Can someone explain why and how the U.S. Syrian Emergency Task Force, which is financed by the U.S. State Department, can continue to operate in al-Qaeda occupied Idleb?
Vanessa Beeley nails it with her 36 questions about Madaya that our media refuse to ask.

Farsnews does a good coverage of the scam, as does TheWallWillFall (here and here), especially the role of various agencies such as the Syrian Network For Human Rights ( and ICR2P (

And our old friend, Legatum neocon Michael Weiss, had a go at the Syrian government starvation theme back in 2013. So none of this is new.

The rebels are losing on the ground and are hoping to obtain UN support via this propaganda exercise. They want to solidify their shaky position on the ground, along with their political legitimacy, as part of the upcoming peace negotiations. Their Western backers are happy to endorse the lie.
I had hope for thar network years ago. Sigh.

Anyway, what a coincidence that Indonesia is attacked by proxy warriors today.

They opened a hospital in Gaza,7340,L-4749504,00.html
The process by which the misinformation is presented and disseminated is very layered, slick and professional. Here's the Washington Post with a story on food distribution in Syria:

The "Syrian activists" are described as members of civil society " including doctors, teachers and emergency responders...", who, the open letter suggests, are victims of food denial by the Assad regime ("besieging us"). The article separates these representatives of the "opposition" from ISIS, but nowhere is al-Qaeda or Nusra mentioned, allowing readers to assume that the Syrian war is directed at an opposition largely consisting of doctors, teachers and firefighters, who are being starved to death in part due to an ineffectual United Nations.

The article then notes the letter was put together by an organization called the Syria Campaign, "an activist group critical of Assad." The article does not note that this Syria Campaign is run out of an office in London, and received its core funding from the Asfari Foundation, created by an extremely wealthy Syrian exile and which has been funding professional anti-Assad "activist groups" since 2011, i.e. the start of the destabilization of Syria.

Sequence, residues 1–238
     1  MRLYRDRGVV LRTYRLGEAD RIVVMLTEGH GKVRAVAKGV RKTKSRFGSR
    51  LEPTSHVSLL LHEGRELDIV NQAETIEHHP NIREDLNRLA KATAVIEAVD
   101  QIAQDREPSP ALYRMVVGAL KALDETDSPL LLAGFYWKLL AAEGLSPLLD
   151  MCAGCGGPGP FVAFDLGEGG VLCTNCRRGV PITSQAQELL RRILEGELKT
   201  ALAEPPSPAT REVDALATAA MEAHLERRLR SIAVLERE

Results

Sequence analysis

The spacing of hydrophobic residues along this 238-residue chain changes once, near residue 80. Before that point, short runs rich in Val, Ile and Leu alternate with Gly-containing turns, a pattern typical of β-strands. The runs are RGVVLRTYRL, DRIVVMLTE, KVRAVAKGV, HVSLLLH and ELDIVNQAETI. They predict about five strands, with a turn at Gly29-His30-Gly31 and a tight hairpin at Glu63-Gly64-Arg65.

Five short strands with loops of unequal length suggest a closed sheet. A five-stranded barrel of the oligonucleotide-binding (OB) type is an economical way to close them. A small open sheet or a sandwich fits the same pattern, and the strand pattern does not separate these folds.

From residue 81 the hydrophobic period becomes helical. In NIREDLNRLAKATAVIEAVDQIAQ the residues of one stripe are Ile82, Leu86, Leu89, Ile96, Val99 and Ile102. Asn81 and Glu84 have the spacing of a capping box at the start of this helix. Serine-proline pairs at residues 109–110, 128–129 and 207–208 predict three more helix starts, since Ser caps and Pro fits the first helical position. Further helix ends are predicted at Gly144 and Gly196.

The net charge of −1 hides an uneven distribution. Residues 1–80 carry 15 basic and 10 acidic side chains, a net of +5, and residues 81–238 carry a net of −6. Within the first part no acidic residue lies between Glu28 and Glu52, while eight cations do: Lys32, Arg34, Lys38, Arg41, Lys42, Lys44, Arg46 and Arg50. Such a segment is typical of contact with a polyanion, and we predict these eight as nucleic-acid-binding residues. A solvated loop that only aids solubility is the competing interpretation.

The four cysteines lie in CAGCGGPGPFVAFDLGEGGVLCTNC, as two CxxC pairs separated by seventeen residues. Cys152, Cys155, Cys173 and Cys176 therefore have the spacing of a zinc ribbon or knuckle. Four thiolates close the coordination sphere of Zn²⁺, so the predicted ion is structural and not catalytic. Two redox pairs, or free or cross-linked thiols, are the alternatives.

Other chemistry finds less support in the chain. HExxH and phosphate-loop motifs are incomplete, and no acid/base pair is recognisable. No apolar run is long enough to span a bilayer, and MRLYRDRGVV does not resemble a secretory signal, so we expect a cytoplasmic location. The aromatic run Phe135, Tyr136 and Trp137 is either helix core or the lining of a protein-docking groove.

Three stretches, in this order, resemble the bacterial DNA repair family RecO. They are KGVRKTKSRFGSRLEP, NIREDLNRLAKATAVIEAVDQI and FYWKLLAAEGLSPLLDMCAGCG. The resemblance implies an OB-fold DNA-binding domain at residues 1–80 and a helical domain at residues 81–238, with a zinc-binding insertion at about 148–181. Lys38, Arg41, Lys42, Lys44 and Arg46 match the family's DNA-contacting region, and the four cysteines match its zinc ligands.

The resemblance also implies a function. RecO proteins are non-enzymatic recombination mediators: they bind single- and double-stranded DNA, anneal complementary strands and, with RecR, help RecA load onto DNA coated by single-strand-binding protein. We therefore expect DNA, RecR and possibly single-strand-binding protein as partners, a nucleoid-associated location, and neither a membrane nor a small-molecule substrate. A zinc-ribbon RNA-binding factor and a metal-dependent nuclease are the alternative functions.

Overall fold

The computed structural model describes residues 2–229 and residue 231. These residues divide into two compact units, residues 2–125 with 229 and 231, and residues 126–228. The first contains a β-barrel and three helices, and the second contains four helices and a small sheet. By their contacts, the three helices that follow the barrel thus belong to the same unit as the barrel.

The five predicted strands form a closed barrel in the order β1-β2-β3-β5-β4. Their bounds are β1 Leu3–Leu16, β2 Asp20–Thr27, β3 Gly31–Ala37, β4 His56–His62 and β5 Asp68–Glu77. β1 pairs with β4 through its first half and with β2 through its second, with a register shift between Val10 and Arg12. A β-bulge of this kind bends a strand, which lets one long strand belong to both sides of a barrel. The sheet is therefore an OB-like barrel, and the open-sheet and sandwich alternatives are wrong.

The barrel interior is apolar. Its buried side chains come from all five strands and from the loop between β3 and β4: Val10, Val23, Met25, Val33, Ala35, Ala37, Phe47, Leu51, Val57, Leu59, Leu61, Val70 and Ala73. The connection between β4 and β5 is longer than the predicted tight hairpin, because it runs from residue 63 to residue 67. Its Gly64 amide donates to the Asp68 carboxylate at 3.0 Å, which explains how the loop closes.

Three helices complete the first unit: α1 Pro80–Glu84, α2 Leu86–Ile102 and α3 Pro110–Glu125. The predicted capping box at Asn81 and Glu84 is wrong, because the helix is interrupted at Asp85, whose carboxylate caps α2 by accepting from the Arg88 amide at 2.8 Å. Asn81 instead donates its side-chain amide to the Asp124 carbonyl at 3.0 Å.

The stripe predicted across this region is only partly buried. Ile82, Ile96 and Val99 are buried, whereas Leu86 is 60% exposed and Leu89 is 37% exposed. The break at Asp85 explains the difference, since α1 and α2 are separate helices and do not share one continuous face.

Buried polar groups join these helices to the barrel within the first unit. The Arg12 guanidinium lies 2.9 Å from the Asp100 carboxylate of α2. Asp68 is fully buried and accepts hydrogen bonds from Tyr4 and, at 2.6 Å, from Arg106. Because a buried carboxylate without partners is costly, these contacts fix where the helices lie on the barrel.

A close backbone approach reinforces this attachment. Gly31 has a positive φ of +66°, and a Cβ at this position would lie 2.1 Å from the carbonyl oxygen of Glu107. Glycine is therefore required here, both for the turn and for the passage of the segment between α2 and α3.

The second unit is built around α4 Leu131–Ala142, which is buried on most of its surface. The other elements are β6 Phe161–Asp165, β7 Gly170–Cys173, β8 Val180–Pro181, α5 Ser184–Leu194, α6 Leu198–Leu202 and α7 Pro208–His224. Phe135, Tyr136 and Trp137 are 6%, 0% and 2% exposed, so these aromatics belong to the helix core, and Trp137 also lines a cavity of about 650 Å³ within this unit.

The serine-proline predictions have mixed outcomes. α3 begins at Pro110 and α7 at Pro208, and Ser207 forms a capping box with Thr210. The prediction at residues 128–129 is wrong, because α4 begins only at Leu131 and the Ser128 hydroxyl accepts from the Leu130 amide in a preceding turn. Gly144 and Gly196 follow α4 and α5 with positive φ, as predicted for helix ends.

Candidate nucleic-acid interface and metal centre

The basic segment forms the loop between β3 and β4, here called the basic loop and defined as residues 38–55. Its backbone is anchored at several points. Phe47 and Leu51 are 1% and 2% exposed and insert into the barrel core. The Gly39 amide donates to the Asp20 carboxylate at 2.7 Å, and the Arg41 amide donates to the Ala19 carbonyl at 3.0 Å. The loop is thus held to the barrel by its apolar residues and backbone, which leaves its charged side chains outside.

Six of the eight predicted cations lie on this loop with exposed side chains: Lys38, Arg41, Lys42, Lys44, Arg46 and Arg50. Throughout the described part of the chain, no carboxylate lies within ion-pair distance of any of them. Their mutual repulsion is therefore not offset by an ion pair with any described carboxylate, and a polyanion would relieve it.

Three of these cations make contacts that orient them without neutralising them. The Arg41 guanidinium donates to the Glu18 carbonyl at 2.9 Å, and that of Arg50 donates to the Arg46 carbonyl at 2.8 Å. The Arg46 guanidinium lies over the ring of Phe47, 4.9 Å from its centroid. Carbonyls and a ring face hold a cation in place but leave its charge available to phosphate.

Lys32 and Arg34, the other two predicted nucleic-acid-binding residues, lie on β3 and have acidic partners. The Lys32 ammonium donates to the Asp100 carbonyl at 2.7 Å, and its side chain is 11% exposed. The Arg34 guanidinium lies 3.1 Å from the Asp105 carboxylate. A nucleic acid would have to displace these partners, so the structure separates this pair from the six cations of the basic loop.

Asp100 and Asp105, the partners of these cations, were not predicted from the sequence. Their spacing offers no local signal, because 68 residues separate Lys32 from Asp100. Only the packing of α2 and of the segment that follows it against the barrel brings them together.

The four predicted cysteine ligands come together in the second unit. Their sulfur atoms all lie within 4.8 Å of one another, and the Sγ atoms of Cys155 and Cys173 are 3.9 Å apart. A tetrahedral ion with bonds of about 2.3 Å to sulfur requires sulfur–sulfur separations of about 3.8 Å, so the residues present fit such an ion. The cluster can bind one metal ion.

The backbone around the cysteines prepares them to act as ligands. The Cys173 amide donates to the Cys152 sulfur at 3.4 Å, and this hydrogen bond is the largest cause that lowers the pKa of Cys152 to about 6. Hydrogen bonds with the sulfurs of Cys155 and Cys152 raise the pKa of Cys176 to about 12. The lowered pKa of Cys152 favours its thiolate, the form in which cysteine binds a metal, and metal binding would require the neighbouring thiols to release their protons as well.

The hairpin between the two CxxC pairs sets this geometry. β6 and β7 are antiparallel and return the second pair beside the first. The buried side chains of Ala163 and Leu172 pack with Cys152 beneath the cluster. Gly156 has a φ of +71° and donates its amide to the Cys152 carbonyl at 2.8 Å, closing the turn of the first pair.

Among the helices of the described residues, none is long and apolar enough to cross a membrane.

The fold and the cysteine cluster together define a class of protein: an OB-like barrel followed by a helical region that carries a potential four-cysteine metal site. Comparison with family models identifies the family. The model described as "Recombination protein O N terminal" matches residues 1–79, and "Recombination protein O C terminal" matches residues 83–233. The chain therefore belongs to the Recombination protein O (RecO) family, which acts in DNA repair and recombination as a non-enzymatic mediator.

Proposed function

For some reason, I always associate posting stock pictures alongside news stories as becoming normal with the introduction of "Newser" around 8 years ago. I remember people having to explain to countless confused people that the picture wasn't an actual picture of those involved with the condensed "news story" paired with an equally misleading photo. Now it seems to be standard practice everywhere. The mainstream news has done similar things with choosing a picture of young Travon to further sensationalize that story, or mugshots instead of family photos when it wants to demonize.

This, however seems to be a more serious development. In your online travels, Joseph, have you run across any blog that tracks the propaganda of images used alongside sensational news stories?